Tag Archive: singing


Dan at Pig 'n' WhistleBefore I went to the ASCAP conference, I wanted to line up a place to play while I was in LA. While I was checking,  I found that it so happened that  the Pig ‘n’ Whistle on Hollywood Blvd., a block from the hotel, had an open mic on Tuesday night.  Not having any kind of following in LA – other than fans on Reverbnation and Facebook – setting up a solo gig would have proved difficult. So an open mic was my best bet.

But it was good fortune that it was an open mic in a historical building. The Pig ‘n’ Whistle was founded in 1927, next to the Egyptian Theatre where the premiers of movies were shown.  You can imagine the movie stars and celebrities that ate there.  The restaurant  has been restored to its original glory. What is called Backstage or the Back Room is down a hall to the back of the restaurant. There was a bar, but it was only used for parties and special events.

Backstage is a funky little room with an even funkier stage. Which is a good thing. Again, you can imagine the private parties held back there over the years. Cameron and I got there before they had everything set up. I was one of the first people on the list. I prefer to go on after a couple of people or acts to get a feel for the crowd. I shouldn’t have been concerned.

When it came time to start, everyone in the room had to pay $3. Which was new for me. If Dan Roark at Pig'n' Whistle 2there is any charge at an open mic in the Dallas area, it is a request for a drink minimum. But it was also Hollywood  Blvd. – you don’t want just anybody wandering in and hanging out.  The McDonald’s has a security guard and police patrols drop around regularly.

The crowd was made up of mostly performers, although there were a few people there to listen. When the show began, the MC asked for the hands of those who wanted to play. I hesitated, to see how  it went. About three people raised their hands. They were the first three to play – with the order corresponding to the raising of hands. The next time around I raised my hand and played in the second batch of performers.

Dan at Pig 'n' Whistle 3It was an eclectic group of people and performers, to say the least. A man who sang cover tunes a capella – in stops and starts at times.  A girl playing her songs on a ukulele, and not too shabbily. A comedian who apparently calls into the Howard Stern show and had jokes that I’m surprised Stern would appreciate. One of those there to listen was a guy made up like Will Farrell in Semi-Pro. He had been out on Hollywood Blvd. near Grauman’s Chinese Theater, posing for pictures for tips.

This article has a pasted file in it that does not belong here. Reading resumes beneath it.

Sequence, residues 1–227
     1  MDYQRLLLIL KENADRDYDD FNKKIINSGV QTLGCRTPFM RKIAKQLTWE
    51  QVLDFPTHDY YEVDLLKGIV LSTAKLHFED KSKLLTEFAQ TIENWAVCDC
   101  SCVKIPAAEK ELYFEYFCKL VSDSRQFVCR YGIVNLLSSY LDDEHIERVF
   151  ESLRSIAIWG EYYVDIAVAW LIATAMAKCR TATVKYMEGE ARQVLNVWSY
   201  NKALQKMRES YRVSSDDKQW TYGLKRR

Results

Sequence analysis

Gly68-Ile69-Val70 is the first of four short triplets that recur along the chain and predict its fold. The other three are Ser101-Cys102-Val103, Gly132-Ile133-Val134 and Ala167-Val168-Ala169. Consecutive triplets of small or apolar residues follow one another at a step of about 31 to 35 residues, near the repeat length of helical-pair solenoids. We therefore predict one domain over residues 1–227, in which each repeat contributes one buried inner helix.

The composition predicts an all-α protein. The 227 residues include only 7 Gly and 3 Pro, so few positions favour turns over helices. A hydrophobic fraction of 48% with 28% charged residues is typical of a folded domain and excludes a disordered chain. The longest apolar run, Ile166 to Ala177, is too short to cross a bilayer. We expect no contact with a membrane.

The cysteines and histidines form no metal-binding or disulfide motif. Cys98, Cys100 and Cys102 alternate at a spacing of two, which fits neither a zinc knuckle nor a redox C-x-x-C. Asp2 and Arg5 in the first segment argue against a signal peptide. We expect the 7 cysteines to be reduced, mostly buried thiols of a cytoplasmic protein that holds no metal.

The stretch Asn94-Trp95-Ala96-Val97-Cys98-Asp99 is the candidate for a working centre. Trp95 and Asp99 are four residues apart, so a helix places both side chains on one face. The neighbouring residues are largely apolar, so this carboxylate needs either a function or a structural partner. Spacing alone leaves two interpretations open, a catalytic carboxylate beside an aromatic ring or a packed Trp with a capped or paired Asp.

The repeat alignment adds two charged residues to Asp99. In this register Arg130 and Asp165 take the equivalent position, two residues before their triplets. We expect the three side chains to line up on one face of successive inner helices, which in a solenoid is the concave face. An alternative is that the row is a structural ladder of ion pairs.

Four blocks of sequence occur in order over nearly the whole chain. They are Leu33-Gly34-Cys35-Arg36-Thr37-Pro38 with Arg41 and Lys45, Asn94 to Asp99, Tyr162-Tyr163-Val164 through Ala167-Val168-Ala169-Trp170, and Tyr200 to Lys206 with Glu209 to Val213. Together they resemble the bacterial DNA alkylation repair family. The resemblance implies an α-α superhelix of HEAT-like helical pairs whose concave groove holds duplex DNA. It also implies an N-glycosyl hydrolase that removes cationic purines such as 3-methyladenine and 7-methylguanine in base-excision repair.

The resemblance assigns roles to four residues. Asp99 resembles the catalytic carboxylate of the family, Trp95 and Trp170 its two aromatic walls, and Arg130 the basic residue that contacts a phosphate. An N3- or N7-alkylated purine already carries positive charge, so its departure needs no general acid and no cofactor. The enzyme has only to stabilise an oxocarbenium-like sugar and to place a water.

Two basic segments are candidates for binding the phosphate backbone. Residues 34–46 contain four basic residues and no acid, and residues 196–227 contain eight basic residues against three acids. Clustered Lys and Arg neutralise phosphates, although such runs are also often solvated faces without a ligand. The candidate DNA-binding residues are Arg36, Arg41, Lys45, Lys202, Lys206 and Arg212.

When I played my songs, I told them I was from Dallas out for the ASCAP conference, and introduced the songs as I always do. I felt like the veteran of the group. I received a good reception from the audience. We listened to a few more performers after I played – including a blues player with an interesting style – before we headed back to the hotel.

It was a great way to end the first day in LA. It’s a more authentic trip when you get to mingle with local people as a traveler and performer. And the journey had just begun.

Peace be with you.

scan0050 As I meet other creative types on reverbnation.com and other channels of social media, I often wonder at what point they felt they were meant to be or called to do whatever it is they do: write, paint, sing, play, or whatever the case may be.

My own story begins on the Friday before my senior year began on Monday. We had just had a new compressor installed for the air conditioner. I picked up my friend, Brian, and headed to Greenville Ave. to go to Milo Butterfingers. We had heard about Bowley and Wilson’s show and wanted to check it out.

The beer was the coldest I had ever had at the time and few times since. Bowley and Wilson was not my type of show, but they had other people playing in between sets who were more interesting to me. I was just glad that they could not see me from the stage because they made fun of everyone. I don’t remember staying all that long before we headed home, but it could have been a couple of hours. When we turned onto Snow White from Royal Lane, I saw smoke above the trees in the distance.

“That’s my house!”

Brian told me that we couldn’t tell from that distance which house it was. But I was sure it was my house. When we reached the end of my street, the police and firemen had the street blocked off and we had to park on the next street. We ran down the short street between the two in the middle of the block, relatively. When I turned the corner, the top of the house was in flames. My mom, my brother, Dennis, our dog Lady, some neighbors, and assorted onlookers were in the yard of the house across the street.

I asked mom what happened. She said that she and Dennis smelled the smoke, saw flames at the fuse box on the garage wall opposite the compressor, and got out of the house with Lady. I was standing there watching our house burn. I thought I knew which flames were coming from my guitars, but who really knows? I said something about my guitars and Brian tried to go up the firemen’s ladder to “save” my guitars. They had to hose him down and I concluded that he had a few more beers than I had. But I appreciated the effort, albeit misguided.

I heard someone watching the fire ask if anyone had any marshmallows. I did not take it well. I let them know that it was not at all funny and asked if they would think it was so funny if it was their house. Friends came over, calmed me down, and pulled me away.

After the fire.

After the fire.